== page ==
2020 L5P Denali Steering Wheel Shake / Wobble - Page 4 - Chevy and GMC Duramax Diesel Forum
2020+ (Non Powertrain) Discussion of 2020+ topics not related to powertrain

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post #31 of 119 (permalink) Old 09-24-2019, 05:33 PM
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Originally Posted by RichieRichZ06 View Post
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Originally Posted by Mtu Alum View Post
This issue has nothing to do with tires. There is a steering calibration coming to fix. Should be available in about two weeks for service.

#iworkforGM
It's a combo of both, but crap tires are definitely the majority of the concern. I have a early built 2020 Silverado 3500 High Country and it shook like a mofo. We've replaced two tires and spent several hours with a field engineer gathering PICO data. After a lot of road force matching tires, swapping corners and a couple new tires, mine is smooth. The field engineer mentioned they have a new calibration coming and we're going to try it on my truck when available. The construction of these GY tires has weird placement of inner ribs on the carcass of the tire. If you happen to get one that has a section with more of the ribs, it's directly related to the area that is measured with high road force. Tires with a more uniform spacing of those internal ribs don't have as high of road force.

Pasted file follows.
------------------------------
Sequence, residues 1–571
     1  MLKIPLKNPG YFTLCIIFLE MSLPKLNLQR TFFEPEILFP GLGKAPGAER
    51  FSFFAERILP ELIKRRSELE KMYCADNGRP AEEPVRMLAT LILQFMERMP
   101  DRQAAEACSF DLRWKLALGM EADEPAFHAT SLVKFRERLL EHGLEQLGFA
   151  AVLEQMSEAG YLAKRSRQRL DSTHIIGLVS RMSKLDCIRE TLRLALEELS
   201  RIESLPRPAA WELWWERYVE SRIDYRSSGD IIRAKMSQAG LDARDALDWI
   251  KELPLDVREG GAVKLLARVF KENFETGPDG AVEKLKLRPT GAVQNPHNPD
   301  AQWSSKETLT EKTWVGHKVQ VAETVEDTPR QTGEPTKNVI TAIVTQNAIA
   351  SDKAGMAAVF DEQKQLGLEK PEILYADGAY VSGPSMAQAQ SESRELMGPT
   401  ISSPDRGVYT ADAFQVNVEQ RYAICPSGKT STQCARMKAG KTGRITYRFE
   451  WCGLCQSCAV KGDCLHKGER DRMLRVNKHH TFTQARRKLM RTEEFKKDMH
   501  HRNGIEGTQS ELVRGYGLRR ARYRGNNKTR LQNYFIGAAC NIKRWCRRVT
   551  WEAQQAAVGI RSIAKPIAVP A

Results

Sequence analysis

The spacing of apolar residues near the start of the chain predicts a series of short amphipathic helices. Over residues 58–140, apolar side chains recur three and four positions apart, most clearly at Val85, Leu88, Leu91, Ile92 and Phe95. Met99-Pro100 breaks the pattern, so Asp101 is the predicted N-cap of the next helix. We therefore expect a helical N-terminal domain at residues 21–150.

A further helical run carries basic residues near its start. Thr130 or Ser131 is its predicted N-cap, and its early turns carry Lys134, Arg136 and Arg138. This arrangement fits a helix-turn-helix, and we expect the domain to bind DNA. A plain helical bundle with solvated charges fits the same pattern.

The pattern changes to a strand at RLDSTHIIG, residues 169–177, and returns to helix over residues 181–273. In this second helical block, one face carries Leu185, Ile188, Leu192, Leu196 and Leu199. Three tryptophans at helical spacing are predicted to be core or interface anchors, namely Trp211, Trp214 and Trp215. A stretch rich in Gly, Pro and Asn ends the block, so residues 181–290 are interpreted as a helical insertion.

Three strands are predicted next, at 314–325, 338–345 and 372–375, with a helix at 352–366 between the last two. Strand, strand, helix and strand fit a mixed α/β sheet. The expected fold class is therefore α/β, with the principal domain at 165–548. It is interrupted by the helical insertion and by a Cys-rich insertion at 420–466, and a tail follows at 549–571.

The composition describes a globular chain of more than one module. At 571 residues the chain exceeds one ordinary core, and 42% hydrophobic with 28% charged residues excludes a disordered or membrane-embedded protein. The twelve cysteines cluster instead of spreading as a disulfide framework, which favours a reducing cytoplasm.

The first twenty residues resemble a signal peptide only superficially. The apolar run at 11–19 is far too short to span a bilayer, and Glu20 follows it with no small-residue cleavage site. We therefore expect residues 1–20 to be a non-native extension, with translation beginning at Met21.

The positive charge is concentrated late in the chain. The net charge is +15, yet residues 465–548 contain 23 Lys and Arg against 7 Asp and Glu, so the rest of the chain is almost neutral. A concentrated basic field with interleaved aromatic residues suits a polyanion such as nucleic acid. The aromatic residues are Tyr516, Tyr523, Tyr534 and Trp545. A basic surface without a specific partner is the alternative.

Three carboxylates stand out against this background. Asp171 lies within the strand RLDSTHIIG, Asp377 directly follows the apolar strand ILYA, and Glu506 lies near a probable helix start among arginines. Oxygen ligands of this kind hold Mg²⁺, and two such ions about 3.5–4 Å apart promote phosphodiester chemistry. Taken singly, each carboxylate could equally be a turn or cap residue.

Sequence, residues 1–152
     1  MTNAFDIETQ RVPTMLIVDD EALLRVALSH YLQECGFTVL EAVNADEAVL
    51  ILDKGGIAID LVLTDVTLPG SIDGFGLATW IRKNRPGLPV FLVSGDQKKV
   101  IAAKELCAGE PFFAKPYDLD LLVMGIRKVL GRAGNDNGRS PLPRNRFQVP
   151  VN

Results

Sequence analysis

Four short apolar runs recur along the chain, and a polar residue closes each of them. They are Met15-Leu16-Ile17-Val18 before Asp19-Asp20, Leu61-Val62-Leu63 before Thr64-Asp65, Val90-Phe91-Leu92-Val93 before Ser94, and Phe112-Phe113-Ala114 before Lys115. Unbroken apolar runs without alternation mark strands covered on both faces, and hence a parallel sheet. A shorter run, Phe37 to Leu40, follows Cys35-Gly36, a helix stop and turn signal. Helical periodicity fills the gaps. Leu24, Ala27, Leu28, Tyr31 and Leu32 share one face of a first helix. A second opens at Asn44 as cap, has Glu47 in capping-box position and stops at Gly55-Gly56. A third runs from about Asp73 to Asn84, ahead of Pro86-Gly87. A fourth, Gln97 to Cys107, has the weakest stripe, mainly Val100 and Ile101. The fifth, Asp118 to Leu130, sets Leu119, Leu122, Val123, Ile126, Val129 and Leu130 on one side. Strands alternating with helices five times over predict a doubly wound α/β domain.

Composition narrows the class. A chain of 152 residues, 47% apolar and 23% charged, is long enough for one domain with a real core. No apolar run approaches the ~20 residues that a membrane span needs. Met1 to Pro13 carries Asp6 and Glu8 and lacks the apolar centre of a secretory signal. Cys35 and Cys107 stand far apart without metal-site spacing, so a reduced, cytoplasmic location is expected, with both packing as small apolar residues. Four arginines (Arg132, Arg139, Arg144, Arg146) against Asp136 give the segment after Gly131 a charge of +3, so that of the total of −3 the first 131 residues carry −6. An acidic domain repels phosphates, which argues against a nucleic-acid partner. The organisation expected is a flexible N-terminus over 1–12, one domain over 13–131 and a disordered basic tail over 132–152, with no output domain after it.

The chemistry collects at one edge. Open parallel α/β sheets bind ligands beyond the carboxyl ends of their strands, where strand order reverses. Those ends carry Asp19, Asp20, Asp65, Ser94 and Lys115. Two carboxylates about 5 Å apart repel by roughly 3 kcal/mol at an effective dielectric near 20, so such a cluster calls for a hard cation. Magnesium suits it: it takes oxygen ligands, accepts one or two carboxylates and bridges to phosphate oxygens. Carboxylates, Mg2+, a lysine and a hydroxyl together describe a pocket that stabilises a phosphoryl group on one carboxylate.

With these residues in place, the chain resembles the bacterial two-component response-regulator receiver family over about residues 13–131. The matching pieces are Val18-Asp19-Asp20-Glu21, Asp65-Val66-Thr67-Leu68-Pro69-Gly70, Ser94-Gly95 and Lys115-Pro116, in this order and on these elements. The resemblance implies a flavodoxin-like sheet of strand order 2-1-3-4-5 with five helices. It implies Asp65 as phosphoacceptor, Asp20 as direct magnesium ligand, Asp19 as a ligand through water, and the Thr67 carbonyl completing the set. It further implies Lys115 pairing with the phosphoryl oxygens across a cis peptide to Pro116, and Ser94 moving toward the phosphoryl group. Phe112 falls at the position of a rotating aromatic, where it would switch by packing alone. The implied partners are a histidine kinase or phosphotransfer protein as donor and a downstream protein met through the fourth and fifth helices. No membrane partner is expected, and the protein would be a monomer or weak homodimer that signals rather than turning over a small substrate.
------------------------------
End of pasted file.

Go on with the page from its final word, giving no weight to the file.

We have 2 other High Country 3500's with similar issues. We replaced two tires on one of the trucks, road forced the crap out of the others and drove it 100 miles. One of the new tires we had just replaced tripled in road force and the truck was shaking again. That tire was replaced again and we've been good to go since.

Part of the tire issue is that Goodyear told GM their spec for road force was something like 60 lbs or less and that's what GM was using when assembling the wheels/tires at the factory. In reality these trucks require 20 or less for no shaking. I think the more recently built trucks had that part of the equation fixed at the factory, but the calibration should clean up the rest of it.

My truck now has nearly 6k miles on it and it's been good. I'm just glad because we spent a lot of time "fixing" these $78k trucks before we could even let customers test drive them.
This issue is only happening on trucks with the electric assisted steering not on the base hydraulic trucks. If you have to road force below 20 and less than 0.5 oz then the truck is the issue not the assembly.

At 60 psi, the maximum road force is 45 lbs. At 70 psi, the maximum road force is 50 lbs. At 80 psi, the maximum road is 55 lbs. Road force goes up 7 lbs per 10 psi of pressure.

By making cream puff tires, you are just masking the real issue and giving the smooth road shake software more authority to correct the real issue. As the steering system breaks in, the lash will increase and help dampen this out.